The U.S. Supreme Court on Monday temporarily blocked an order that would lift Title 42, the pandemic-era health policy that has been used to deter migrants more than 2.5 million times.
The order Monday by Chief Justice John Roberts comes as cities along the U.S.-Mexico border have been scrambling to prepare for an expected influx of migrants in anticipation of Title 42’s end.
Earlier Monday, 19 states had asked the high court for an emergency stay that would keep Title 42 in place.
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In the one-page order, Chief Justice Roberts granted a stay pending further order and asked the government to respond by 5 p.m. Tuesday. That is just hours before the restrictions are slated to expire on Wednesday.
The Department of Homeland Security (DHS) said the public health order “will remain in effect at this time and individuals who attempt to enter the United States unlawfully will continue to be expelled to Mexico.”
“While this stage of the litigation proceeds, we will continue our preparations to manage the border in a safe, orderly, and humane way when the Title 42 public health order lifts,” DHS said. “We urge Congress to use this time to provide the funds we have requested for border security and management and advance the comprehensive immigration measures President Biden proposed on his first day in office.”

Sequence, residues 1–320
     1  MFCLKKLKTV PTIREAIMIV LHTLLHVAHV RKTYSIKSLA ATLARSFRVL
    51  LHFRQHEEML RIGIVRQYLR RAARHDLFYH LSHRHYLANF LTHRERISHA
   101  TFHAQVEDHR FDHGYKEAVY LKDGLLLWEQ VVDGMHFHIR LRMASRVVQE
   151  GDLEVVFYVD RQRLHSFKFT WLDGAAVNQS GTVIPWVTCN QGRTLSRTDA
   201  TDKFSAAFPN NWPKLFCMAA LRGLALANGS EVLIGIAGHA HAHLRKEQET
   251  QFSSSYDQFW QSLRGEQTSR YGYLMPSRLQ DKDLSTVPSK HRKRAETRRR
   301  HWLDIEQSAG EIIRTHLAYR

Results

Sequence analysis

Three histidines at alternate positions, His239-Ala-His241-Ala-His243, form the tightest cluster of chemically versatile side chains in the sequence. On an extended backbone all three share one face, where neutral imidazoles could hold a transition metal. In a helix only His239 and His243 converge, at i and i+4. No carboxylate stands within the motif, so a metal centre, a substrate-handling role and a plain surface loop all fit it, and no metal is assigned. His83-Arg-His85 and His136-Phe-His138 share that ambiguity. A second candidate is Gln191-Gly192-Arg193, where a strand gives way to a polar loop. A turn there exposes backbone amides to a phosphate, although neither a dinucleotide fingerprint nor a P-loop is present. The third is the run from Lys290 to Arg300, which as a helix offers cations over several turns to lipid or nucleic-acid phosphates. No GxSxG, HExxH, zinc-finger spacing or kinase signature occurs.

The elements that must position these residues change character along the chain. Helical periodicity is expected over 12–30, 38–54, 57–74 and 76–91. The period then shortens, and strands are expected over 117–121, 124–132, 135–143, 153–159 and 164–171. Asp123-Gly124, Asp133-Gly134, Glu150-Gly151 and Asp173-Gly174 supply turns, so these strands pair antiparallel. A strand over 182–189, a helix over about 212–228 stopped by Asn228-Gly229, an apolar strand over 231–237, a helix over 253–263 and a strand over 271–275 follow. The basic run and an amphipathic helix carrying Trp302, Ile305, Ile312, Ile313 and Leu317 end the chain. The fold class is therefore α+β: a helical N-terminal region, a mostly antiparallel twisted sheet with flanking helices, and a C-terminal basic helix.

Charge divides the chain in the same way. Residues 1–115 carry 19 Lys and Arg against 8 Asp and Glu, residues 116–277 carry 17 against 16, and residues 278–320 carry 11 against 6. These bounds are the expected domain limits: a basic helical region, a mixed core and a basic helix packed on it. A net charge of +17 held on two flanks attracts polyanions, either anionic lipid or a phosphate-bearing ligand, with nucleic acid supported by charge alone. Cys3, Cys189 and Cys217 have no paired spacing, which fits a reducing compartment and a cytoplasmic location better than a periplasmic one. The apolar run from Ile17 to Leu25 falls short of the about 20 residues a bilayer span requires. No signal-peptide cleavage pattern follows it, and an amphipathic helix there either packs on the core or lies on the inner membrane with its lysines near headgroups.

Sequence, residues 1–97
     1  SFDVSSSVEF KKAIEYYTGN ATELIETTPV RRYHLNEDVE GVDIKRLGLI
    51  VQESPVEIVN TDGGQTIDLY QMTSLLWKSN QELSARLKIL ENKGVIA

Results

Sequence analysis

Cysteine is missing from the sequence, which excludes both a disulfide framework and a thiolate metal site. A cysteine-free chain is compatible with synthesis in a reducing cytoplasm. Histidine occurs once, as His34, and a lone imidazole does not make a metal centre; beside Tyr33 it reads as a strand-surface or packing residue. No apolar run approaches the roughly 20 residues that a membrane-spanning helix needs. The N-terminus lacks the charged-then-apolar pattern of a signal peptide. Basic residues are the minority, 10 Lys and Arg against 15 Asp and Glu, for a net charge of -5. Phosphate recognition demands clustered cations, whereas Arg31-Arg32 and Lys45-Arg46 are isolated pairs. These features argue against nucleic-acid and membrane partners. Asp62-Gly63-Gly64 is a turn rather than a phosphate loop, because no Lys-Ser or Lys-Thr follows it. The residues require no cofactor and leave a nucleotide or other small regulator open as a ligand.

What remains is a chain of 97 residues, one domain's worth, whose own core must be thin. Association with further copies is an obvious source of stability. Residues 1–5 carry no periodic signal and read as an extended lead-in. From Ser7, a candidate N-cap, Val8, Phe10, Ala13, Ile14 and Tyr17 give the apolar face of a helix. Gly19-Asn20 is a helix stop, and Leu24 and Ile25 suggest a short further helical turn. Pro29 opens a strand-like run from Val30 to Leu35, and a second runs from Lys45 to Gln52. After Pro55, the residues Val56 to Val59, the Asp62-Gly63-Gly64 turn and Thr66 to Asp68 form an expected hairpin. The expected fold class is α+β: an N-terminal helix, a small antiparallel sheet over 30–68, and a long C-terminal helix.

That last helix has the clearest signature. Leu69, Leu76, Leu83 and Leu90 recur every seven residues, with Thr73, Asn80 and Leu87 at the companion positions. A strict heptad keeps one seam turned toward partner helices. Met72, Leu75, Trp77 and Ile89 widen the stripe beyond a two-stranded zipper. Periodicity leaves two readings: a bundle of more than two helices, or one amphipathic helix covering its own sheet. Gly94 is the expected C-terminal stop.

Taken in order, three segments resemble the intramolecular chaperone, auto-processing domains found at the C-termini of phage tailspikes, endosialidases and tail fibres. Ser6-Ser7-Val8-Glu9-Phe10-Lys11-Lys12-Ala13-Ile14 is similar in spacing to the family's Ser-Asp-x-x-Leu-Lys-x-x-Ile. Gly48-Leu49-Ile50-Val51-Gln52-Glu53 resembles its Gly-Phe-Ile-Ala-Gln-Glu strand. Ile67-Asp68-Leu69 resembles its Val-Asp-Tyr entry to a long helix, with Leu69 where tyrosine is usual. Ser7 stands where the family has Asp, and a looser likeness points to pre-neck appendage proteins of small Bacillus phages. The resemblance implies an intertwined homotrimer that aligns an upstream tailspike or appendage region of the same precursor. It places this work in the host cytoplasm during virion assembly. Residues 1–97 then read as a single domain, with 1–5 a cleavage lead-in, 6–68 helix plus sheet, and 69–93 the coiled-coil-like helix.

The immigration restrictions, often referred to as Title 42, were put in place under then-President Donald Trump in March 2020 and have prevented hundreds of thousands of migrants from seeking asylum in the U.S. in recent years. But as they’re set to expire, thousands more migrants are packed in shelters on Mexico’s border with the U.S.
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El Paso, Texas and Ciudad Juarez in Mexico on Sunday were preparing for a surge of as many as 5,000 new migrants a day in anticipation of Title 42’s expiration. El Paso Mayor Oscar Leeser on Saturday issued an emergency declaration to access additional local and state resources for building shelters and other urgently needed aid.
Immigration advocates sued to stop the use of Title 42 to limit who can apply for asylum, saying that the policy goes against American and international obligations to people fleeing to the U.S. to escape persecution. And they’ve argued that things like vaccines and treatments for the coronavirus have made the policy outdated.
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Conservative-leaning states have argued that lifting of Title 42 will lead to a surge of migrants into their states and take a toll on government services like health care or law enforcement. They also charge that the federal government has no plan to deal with an increase in migrants.
Texas Gov. Greg Abbott, a Republican, called the Court’s ruling a step toward leaving Title 42 in place.
“This helps prevent illegal immigration,” he said.
Texas Attorney General Ken Paxton, who filed a motion earlier Monday asking to halt President Biden’s scrapping of Title 42, vowed to keep fighting for the policy to remain in place.
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“I will do everything I can in court to ensure our border is secure,” he said.